I do not recommend this in freeze risk areas, proper application of antifreeze is the safest method to prevent damage to boat systems over the winter in areas with a risk of freezing. But if finances restrict you or you can not get the proper antifreeze to your boat, or you live in a low freeze risk area, there are a few things you can do to help if an unexpected freeze comes without putting antifreeze in everything.

  • Suck or blow out all your water lines. With a shop vacuum you can try to remove all water from your boat systems lines. Drain the water tanks and connect the vacuum at the distribution point from the tanks. Open all fittings and blow the water through, or suck it out. Leave the fittings open, they're less likely to freeze when open.
  • Drain all water reservoirs. Engines are tricky, as they usually design them to drain the coolant from the freshwater cooled side, but often there is no facility to drain the raw water jackets. You may blow or suck the water out with a shop vacuum connected to a hose in the raw water system once the boat is out of the water. You may have to disconnect hoses to connect the shop vacuum.
  • Store the boat inside, where it can't freeze.
  • Consider wet storing your boat, if the water doesn't freeze. It won't fully protect you from freezing, but a boat in the water is less subject to the air temperature. It will still get cold, and things will freeze if untreated in a deep freeze, but there is less variation with quick cold snaps so some of these techniques may be more effective.
  • Place electric heaters on the boat if a freeze is expected. Be careful, you do not want to start a fire. The boat need not be kept warm, but engine and system spaces need to be above freezing. Open cushions and lazarettes to expose water lines.

Alternatives to Marine Antifreeze

Are there any less expensive, better alternatives to marine antifreezes? Maybe.


The first antifreezes were alcohol, and any vodka connoisseur will tell you good vodka doesn't freeze like water, it just gets thicker. So is alcohol for drinking a good alternative to antifreeze? (Note: do not consider any non-potable alcohol for this.)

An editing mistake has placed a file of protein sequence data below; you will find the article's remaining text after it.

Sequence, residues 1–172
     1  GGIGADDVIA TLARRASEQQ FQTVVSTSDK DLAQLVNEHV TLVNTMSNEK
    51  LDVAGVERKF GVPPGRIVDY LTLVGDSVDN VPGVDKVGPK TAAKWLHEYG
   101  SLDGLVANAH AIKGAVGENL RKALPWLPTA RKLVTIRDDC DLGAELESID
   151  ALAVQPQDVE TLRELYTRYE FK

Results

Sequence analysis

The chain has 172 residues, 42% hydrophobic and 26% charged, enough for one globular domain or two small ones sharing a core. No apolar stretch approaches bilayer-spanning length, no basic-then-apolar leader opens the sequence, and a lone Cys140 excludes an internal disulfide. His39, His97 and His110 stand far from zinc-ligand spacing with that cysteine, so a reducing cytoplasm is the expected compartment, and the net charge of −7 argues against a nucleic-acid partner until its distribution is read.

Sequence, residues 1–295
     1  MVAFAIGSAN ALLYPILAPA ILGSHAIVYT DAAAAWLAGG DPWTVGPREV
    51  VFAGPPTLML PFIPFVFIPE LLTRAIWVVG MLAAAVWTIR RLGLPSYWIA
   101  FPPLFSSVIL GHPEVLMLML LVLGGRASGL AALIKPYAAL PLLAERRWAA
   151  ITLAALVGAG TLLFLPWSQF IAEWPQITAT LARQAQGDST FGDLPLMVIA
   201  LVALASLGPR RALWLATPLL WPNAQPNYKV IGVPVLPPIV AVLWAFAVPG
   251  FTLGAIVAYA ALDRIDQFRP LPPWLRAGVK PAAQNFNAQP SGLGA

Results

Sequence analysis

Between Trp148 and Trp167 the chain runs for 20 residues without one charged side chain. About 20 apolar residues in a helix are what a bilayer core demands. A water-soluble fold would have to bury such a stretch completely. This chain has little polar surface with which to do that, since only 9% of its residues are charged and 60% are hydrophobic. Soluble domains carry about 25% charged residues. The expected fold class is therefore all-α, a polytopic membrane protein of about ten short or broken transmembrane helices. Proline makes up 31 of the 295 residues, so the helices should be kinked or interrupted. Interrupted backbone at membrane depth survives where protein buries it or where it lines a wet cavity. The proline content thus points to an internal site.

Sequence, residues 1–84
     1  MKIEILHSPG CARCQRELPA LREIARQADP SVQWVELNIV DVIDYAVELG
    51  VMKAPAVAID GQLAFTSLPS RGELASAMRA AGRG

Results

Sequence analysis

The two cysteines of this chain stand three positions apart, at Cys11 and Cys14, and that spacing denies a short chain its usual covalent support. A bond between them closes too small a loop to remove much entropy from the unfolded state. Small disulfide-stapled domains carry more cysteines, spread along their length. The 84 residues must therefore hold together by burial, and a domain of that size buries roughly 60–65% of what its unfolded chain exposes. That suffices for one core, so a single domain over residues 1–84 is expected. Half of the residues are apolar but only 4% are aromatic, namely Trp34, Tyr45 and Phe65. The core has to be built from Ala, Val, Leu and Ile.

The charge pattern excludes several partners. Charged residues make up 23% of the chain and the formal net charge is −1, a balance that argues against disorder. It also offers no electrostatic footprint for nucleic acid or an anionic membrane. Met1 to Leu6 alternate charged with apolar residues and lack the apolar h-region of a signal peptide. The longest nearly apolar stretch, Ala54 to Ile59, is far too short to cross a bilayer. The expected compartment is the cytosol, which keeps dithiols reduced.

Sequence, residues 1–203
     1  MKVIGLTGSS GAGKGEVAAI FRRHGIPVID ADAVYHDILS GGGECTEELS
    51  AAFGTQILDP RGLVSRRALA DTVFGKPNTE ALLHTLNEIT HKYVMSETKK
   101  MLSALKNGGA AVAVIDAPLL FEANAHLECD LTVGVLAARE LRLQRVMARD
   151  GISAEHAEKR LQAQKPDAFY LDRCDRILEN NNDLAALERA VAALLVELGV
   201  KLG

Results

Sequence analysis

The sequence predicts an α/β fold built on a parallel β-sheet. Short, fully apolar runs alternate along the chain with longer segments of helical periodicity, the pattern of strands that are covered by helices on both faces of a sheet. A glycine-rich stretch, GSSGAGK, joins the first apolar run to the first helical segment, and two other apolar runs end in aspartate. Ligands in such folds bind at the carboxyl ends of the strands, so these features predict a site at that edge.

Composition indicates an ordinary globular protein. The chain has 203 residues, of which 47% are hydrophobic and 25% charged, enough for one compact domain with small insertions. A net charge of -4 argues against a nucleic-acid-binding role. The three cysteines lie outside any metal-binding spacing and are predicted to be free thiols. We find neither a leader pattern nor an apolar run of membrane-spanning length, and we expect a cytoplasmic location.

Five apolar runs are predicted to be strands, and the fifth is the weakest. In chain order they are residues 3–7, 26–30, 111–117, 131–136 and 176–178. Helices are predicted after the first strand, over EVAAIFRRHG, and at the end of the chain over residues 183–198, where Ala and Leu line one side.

• Non toxic. If you put vodka in your drinking water tanks, it's nothing you couldn't put in a glass with tonic water and a slice of lime.
  • Sanitizing. Alcohol can kill germs and offer some protection and cleaning in the tanks and lines.
  • No added taste. Even "tasteless" pink antifreeze has a taste and smell. You won't get this with alcohol, unless you winterize with gin or some other non-neutral alcohol.
  • Cost. Some bargain hooches can cost less than a gallon of quality antifreeze.
  • Less flushing in the spring. See "taste."


  • Inferior protection. Pure ethanol, the alcohol we drink, freezes at -173F (-114C). Sounds good, but you won't be winterizing your boat with pure grain alcohol. 80 Proof vodka is only 40% ethanol and has a freezing point of -17F (-27C). While no one publishes a "burst point" for rotgut vodka, this is less protection than the cheapest -50F propylene glycol.
  • May still freeze. If you want to use alcohol, put a bottle of it in your freezer at home for a couple of days to be sure it's high enough quality to at least not freeze down to 0F (-18C).
  • Costs. Cheaper alcohol has less ethanol than the good stuff. At 64 proof the freeze point comes up to -10F (-23C), 40 Proof freezes at 22F (-7C) and may freeze solid in your household freezer. If you winterize with gallons of Ketel One or Everclear, you will surpass the costs of marine antifreeze.
  • Evaporation. Ethanol evaporates more readily than propylene glycol. There is a risk you will have less protection than you think if you lose some or all of your antifreeze over the winter.
  • Seal damage. Ethanol has been known to damage some types of rubber seals; be careful if you don’t know your seals are ethanol proof.

Vodka has proven an effective winterizing alternative for fresh water drinking systems in moderate climates. I wouldn't use it in my engine, and I wouldn't use it if I lived up in Maine, Minnesota, Michigan, Canada, or any place with harsh winters.

RV Antifreeze

It's a well known secret that things made for the Recreational Vehicle market often cost less than the same or similar item with "Marine" on the package. We've shopped RV stores for electrical, plumbing, and propane parts with good success.

The good news about RV Antifreeze is that you can use it in your boat. And you may save a buck buying something with "RV" on the label or shopping at a big box store instead of a chandlery.

The bad news? It's exactly the same stuff as marine antifreeze. You aren't getting away from marine antifreeze, you're just saving a little money.